Tribune Gag Stands Out on a Day of Pranks

Sam Zell's Tribune made light of its situation with a fake Zell quote and an online tip jar.
Sam Zell's Tribune made light of its situation with a fake Zell quote and an online tip jar. (Charles Rex Arbogast - AP)
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By Frank Ahrens
Washington Post Staff Writer
Wednesday, April 2, 2008

Despite yesterday's rally by the financial markets, 2008 has so far seemed a year of relentlessly bad financial news.

Which might be why several companies tried to lighten the mood a bit yesterday on April Fool's Day.

Wireless giant Qualcomm ginned up an elaborate joke, inventing a product called the HandSolo -- a "device-free" wireless phone whose name nods to "Star Wars." Customers get a chip implanted in their pinky finger that turns their hand into a cellphone and MP3 player, all explained in a video on the company's Web site.

Google's YouTube pranked its home page. When clicked on, each video on the page sent users to a music video of '80s pop singer Rick Astley. The joke is a called a "Rick roll," a classic in Ye Olde Internet Joke Booke.

Google itself expanded on a past April Fool's joke by announcing a plan to colonize Mars. It is a joke, right?

Canada's WestJet Airlines announced that it would offer its overhead luggage bins to passengers as "sleeper cabins" for a modest fee.

In Moscow, Unified Energy System, a holding company for Russia's power producers, ended up with borscht on its face after it joked that it would build Africa's first geothermal plant and had to apologize after -- stunningly -- nobody got the joke.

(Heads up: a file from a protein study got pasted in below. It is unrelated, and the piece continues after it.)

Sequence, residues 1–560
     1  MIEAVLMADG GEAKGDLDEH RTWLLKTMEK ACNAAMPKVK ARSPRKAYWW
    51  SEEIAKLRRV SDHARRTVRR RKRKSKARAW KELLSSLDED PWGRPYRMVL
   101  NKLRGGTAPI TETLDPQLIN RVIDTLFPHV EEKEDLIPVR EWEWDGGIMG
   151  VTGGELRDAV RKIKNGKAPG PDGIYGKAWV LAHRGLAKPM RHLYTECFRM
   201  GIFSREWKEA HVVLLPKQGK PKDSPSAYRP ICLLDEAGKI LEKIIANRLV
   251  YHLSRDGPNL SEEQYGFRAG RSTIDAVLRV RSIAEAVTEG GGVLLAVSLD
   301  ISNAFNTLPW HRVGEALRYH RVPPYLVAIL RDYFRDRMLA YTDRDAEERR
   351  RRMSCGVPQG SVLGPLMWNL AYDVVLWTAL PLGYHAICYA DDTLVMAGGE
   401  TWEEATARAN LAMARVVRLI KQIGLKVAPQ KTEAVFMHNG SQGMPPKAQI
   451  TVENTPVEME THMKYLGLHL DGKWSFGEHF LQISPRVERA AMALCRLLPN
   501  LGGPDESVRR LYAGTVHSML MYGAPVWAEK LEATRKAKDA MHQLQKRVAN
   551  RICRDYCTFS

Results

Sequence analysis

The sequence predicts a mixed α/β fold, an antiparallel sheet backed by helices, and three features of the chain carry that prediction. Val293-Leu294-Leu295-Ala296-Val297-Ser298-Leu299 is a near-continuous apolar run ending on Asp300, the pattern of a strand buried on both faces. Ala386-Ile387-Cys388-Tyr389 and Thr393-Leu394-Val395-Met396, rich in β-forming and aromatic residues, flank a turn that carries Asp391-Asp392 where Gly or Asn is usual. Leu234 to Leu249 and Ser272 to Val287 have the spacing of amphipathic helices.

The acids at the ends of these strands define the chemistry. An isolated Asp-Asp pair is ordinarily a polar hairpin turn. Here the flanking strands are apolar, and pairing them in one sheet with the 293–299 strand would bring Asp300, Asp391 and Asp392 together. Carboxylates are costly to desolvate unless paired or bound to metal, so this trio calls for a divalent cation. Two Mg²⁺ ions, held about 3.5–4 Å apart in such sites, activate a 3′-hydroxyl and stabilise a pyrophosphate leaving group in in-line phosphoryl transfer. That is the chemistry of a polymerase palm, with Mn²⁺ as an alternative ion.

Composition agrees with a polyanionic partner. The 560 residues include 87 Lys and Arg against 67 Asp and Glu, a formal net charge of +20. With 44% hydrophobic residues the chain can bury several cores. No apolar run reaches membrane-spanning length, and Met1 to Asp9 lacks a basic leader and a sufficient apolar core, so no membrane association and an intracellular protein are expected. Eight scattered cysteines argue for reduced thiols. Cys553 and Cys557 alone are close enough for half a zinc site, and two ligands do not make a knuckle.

But the wackiest of yesterday's gags may have come from Sam Zell and his cut-up Tribune Co., which made fun of the company's ailing condition in an attempt to show that it doesn't take itself too seriously. (Though its nervous employees surely do.) In a news release yesterday morning, Tribune announced that it was changing its name to ZellCoMediaEnterprises, selling the naming rights to its venerated Tribune Tower headquarters in Chicago and holding a noon ceremony to mark the event.

"H---, I put $315 million into this thing, and we're on the hook for $13 billion -- the least I ought to get is my name on the company's stationery," the Tribune chairman and chief executive said in the self-censored release. The gag extended to a bogus ZellCoMediaEnterprises Web site, linked to the URL. The page included a running "debt-o-meter" and a "TipJar" button, labeled: "Hey buddy, help a paper out?"

The fake Web page was adorned by pictures of dogs, a reference to a dust-up Zell had with an employee of the Orlando Sentinel. The employee was worried that Zell wanted to dumb down Tribune papers, giving people only what they want, namely, "pictures of puppies." Zell responded that if they did their jobs right, the readers would get "puppies and Iraq," perhaps coining a newspaper motto in the process.

The gag -- conceived by Tribune communications executives Dean Wall and Gary Weitman -- was convincing enough, Tribune said, that WLS-TV, the Chicago ABC affiliate, called Tribune to ask if it could cover the naming-rights ceremony.

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